UNIVERSITY NEWS LAST UPDATED : 09 MAY 2017
Birmingham City University has joined forces with the Multiple Births Foundation to launch an innovative new centre aimed at improving the support available to families of twins, triplets and more.
The Elizabeth Bryan Multiple Births Centre (EBMBC) will carry out research into all aspects of multiple births, will provide training courses for healthcare and allied professionals, and work with practice based partners in the West Midlands to develop health and social care services in order to meet the needs of these families.
Over the past 30 years the number of multiple births has increased significantly. In 2015 11,073 mothers in England and Wales had a multiple birth, equating to 16 out of every 1,000 women, compared to 10 out of every 1,000 in 1985. However despite this increase, there is still limited research on the impact a multiple birth may have on a family.
The new Centre has been named in recognition of the pioneering work of Dr Elizabeth Bryan, founder of the Multiple Births Foundation (MBF) and former President of the International Society for Twins Studies.
Based at the University’s City South campus in Edgbaston, it will be jointly led by Jane Denton CBE, Director of the Multiple Births Foundation and Dr Merryl Harvey, Reader in Nursing at Birmingham City University.
Professor Louise Toner, Associate Dean at the University’s Faculty of Health, Education and Life Sciences, said:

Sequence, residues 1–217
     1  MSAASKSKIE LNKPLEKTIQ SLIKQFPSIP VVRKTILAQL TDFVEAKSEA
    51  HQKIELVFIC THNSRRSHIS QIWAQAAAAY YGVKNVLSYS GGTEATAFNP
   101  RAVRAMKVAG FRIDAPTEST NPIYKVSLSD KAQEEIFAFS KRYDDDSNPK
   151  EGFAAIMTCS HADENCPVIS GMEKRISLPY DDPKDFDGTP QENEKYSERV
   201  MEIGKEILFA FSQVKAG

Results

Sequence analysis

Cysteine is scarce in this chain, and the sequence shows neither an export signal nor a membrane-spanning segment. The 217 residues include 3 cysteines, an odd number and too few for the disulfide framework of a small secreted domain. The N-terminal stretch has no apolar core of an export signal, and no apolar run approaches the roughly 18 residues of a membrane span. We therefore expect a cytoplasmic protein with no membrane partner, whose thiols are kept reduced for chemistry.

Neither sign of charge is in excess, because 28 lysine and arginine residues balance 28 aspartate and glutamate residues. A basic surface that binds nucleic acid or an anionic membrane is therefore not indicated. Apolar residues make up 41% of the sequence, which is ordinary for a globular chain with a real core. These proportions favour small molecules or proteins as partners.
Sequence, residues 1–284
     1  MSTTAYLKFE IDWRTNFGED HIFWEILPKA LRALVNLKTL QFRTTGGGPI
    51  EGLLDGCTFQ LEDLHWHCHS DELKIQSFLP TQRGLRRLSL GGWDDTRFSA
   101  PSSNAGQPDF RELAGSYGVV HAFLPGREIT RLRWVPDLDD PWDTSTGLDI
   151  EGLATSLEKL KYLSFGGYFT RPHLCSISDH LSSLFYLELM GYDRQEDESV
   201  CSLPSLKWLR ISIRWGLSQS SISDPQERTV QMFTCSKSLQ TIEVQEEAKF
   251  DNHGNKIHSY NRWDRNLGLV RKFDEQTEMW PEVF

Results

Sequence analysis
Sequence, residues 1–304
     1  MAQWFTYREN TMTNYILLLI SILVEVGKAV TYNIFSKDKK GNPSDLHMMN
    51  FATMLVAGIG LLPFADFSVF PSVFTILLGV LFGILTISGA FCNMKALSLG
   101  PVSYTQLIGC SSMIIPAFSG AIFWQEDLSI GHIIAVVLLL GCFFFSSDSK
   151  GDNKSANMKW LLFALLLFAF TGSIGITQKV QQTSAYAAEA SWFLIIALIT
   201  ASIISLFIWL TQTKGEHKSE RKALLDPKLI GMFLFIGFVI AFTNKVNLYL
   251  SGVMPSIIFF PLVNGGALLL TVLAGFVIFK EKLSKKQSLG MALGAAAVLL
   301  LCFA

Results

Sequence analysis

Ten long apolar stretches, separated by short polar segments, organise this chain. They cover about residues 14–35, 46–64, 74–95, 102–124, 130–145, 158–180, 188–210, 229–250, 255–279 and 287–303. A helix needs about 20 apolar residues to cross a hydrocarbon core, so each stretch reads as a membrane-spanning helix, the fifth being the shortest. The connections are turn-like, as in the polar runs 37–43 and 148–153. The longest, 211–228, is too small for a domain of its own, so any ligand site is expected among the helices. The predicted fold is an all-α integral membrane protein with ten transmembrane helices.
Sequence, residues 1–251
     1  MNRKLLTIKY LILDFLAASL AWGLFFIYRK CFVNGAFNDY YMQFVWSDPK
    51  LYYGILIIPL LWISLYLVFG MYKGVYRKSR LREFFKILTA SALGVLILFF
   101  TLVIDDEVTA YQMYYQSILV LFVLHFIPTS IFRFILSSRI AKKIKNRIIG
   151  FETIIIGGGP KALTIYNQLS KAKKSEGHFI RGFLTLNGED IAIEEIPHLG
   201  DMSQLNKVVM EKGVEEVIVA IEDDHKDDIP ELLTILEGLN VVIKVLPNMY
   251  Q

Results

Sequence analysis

“The Centre will enable us to expand our dedicated research activity in this area and allow us to work more closely with our practice-based partners in the West Midlands to capitalise on the extensive expertise that will now be available.”
Merryl Harvey, Reader in Nursing at the University, said: “Our joint research programme into the impact of multiple births and the needs of multiple birth families will provide an evidence base for practice both within the UK and internationally. This will inform the development of resources for families, service providers, key stakeholders, researchers, and the wider public.
“In addition, our specialist education programme will now include a range of Birmingham City University-based courses and on-line training for health and social care professionals involved in the care of these often neglected families.”
Jane Denton, Director at the Multiple Births Foundation, said: “We are very excited about our collaboration with the University. The MBF has already built up a great deal of evidence and experience over almost 30 years of working directly with families with twins, triplets and more, while Birmingham City University has a national reputation in the education and training of healthcare professionals. By combining our expertise, the new Centre will be able to equip professionals to provide the optimum care that these families need. We can’t wait to get started!”